I never need much of an excuse to go away and get muddy for a couple of days. My delightful girlfriend can however be a little more reluctant, especially when the weather forecast makes out like the apocalypse is just about to strike during the only two free days we have. She’d been banging on about wanting a new coat for ages and with Christmas coming up I thought some technical outdoor clothing would be the perfect present. I thought there could be two great outcomes from me buying her such a gift. Firstly she would be tricked into believing that I was the normal type of boyfriend who bought thoughtful Christmas presents and secondly I would probably get to go on a two day backpacking trip even though it was my designated don’t-go-away-on-one-of-your-adventures-because-you-need-to-spend-more-time-with-me time. It was worth a try!
Well it worked. We booked a room at the Hartington YHA, parked in Thorpe and set off. It would be about eleven hilly miles there and then nine or so gentle miles back the next day. Like a Sherpa I’d carry most of our stuff and she’d have her little bag with her phone, tissues, a large scarf and other girl stuff. Underfoot it was very muddy and very slippery and occasionally foot-suckingly deep. Overhead it was grey, windy and constantly wet. We didn’t see anyone else out walking and even the sheep looked pissed off. The kind of conditions that would usually result in a nice big why-the-hell-do-you-bring-me-to-these-horrible-places argument but not this time – there was a nice new purple coat and it kept everyone happy.
To escape the rain we lunched in Thor’s cave where the thousands of years of grateful feet have smoothed and polished the limestone. A thin layer of mud, lubricated by the drizzle which was being blown by the swirling wind in vast waves made entering the cave treacherous. Sarah’s new coat became a lot less new.
After lunch I popped my headtorch on and went up the back of the cave to have a look around. There is definitely room for three, maybe four to sleep in there. The porous rock was seeping and small intermittent drips caught me by surprise. I think you’d need to bring a bivvy bag and ground sheet to stay any less wet than damp, and probably some firewood too. I think that I’ll be back one night next summer.
As the blue wisps dancing above the orange-red coal in the pub fireplace indicated, the following day was crystal clear and cold. We had a shorter walk back to the car and took the classic stroll down Dovedale. The lighting was delightful, the white rock formations stood tall, resembling underwater coral structures but on a more massive scale. Beautiful and unique landscapes have different effects on different people. Some landscapes have a vibrancy or energy in them, where movement and life can be felt if not seen. Some landscapes have a spirituality about them, places for contemplation, places that inspire pilgrimages rather than adventures. Dovedale is not in the slightest a spiritual place, nor is it a place of life. In the shadows it is cool, its history is not measured in terms of human lives but geological epochs. It is a perfect example of the destructive and creative power of water. Playful scrambling on the rocks reveals to the tendons an incredible, immovable hardness yet a quick glance around shows how temporary the existence of this hulking mass of limestone really is. From the smallest fossils to the darkest cracks, every viewpoint in Dovedale points to a cold landscape carved over millennia. Earth was probably not created in seven days.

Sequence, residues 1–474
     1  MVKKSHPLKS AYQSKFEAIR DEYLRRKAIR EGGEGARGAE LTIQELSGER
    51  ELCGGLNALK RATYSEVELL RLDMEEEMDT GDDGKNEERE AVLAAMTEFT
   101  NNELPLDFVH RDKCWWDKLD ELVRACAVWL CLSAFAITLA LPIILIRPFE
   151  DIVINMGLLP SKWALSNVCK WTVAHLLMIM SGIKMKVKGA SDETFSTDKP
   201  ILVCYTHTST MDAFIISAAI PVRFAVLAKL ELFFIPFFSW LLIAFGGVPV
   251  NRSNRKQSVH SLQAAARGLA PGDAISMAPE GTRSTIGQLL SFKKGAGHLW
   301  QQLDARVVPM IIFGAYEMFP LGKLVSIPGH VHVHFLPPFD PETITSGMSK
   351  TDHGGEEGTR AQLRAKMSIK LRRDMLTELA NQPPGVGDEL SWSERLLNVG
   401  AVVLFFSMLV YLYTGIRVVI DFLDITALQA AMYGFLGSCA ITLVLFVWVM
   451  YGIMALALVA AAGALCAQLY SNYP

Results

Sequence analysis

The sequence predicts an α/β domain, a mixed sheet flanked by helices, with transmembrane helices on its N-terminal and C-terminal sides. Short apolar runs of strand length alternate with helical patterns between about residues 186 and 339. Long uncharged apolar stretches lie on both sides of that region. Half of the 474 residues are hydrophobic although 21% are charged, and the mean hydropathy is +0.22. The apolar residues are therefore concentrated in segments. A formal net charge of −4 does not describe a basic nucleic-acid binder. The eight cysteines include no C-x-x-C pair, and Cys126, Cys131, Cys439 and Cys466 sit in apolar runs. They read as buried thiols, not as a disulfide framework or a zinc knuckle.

Another lovely walk in the Peaks. If you too have someone important in your life that you would love to share the outdoors with – buy them a new coat!
We stayed in Hartington Hall YHA – We had an en suite room for three and breakfast for £59.00 (It would take more than a new coat to get Sarah to try sleeping in separate dorms).
We had an excellent dinner in the Devonshire Arms. More expensive than my usual microwaveable lasagne for one but this was date night. The beer was superb, the food was even better and the brandy went perfectly with the open fire and friendly chit chat.
The car park cost £2.50. It’s right at the bottom of Thorpe Cloud and there are toilets there.
Oh and the coat was a Paramo Alta II. It stood up to an entire day of rain, and Sarah just kept on smiling feeling rather smug, protected by storm flaps and deep pockets. She ate up the miles and I never once heard the question every map reader dreads – ‘how much further is it?’. It wasn’t cheap and if I include the cost here (if I am to stick the ethics of this blog then I really should) then this two day walking trip comes close to the price of an entire week in Welsh bothies! But to have Sarah there and smiling; I think it was worth every penny.